Cysts and parasites in an abattoir in Northwest Ethiopia; an urgent call for action on “one health”
Introduction: Zoonotic parasitic infections such as echinococcosis affect cattle, sheep and goats by lowering quality of meat and hides as well as decreasing milk production. The burden of such diseases among humans is usually underestimated as they are difficult to diagnose. We used abattoir data to estimate the prevalence of zoonotic parasitic infections in animals.
Methodology: Data from 2005-2018 was used from the registry of an abattoir in Northwest Ethiopia. Frequencies, proportions and trends over time were analyzed. Meat inspection was conducted by visualization, palpation and incision.
Results: A total of 58,787 animals were slaughtered in the abattoir during the study period. These included 51,956 (88 %) cattle, 5,890 (10%) sheep and 941 (2%) goats. The detected parasites included Echinococcus in 12,334/58,787 (21%) and Fasciola in 10,551/58,787 (18%) animals. Echinococcus infection was highest among goats (267/941, 28%), followed by cattle (11,591/51,956, 22%) and sheep (476/5,890, 8%). Fasciolosis was detected in 9,877/51,956 (19%) cattle and 178/941 (19%) goats. The number of animals slaughtered strongly decreased over time from 8,405 in 2006 to 1,605 in 2018. However, the proportion of parasitic infections remained high with some fluctuations over the study period.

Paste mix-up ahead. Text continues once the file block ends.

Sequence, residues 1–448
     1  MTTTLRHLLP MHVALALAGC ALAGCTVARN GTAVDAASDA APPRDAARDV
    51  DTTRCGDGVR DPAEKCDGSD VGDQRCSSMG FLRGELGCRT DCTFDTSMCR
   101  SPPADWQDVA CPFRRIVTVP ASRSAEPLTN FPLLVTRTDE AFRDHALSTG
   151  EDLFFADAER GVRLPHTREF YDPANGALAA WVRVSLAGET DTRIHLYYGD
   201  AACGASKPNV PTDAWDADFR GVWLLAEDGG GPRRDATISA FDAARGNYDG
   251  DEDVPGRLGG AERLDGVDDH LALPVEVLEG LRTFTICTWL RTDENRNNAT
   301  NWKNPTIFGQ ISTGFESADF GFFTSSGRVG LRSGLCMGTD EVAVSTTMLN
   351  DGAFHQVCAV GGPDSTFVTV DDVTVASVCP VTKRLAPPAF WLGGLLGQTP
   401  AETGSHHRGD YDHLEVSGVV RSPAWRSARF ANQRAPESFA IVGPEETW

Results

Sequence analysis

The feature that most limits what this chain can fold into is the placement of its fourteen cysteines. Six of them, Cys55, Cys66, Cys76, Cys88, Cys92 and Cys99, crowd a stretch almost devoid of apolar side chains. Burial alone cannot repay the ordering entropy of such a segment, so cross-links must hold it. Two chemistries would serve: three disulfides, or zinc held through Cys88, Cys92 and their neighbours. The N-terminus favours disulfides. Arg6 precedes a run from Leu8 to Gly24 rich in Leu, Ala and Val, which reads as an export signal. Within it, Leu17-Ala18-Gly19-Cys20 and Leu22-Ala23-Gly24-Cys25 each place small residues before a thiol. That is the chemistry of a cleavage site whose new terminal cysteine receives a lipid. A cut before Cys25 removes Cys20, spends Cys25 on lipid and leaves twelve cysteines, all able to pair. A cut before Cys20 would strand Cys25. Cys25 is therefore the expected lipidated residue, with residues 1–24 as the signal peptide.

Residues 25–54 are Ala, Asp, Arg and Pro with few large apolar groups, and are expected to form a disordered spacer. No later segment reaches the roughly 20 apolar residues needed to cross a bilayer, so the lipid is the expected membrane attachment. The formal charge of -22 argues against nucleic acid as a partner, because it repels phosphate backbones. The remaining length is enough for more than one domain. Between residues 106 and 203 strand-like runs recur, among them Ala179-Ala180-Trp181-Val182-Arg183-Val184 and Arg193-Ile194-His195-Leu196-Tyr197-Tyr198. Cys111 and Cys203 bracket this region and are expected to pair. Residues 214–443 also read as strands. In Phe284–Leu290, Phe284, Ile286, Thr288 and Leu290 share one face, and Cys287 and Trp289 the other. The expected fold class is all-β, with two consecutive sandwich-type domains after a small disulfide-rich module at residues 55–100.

Conclusions: Echinococcosis and fasciolosis were very common with one out of five animals slaughtered infected. This is of public health concern and needs urgent multi-sectorial efforts from stakeholders at the national and regional level for control of these diseases. One health program approaches may warrant the control of transmission to humans.
Copyright (c) 2020 desalegn getahun gebree, saskia Van henten, Ermias Diro, Fantu Lombamo Untiso, Asefa Deressa, Mbazi Senkoro, Philip Owiti, Baye Ashenefe Wassie, Blen Girma Beyene, Adugna Abera
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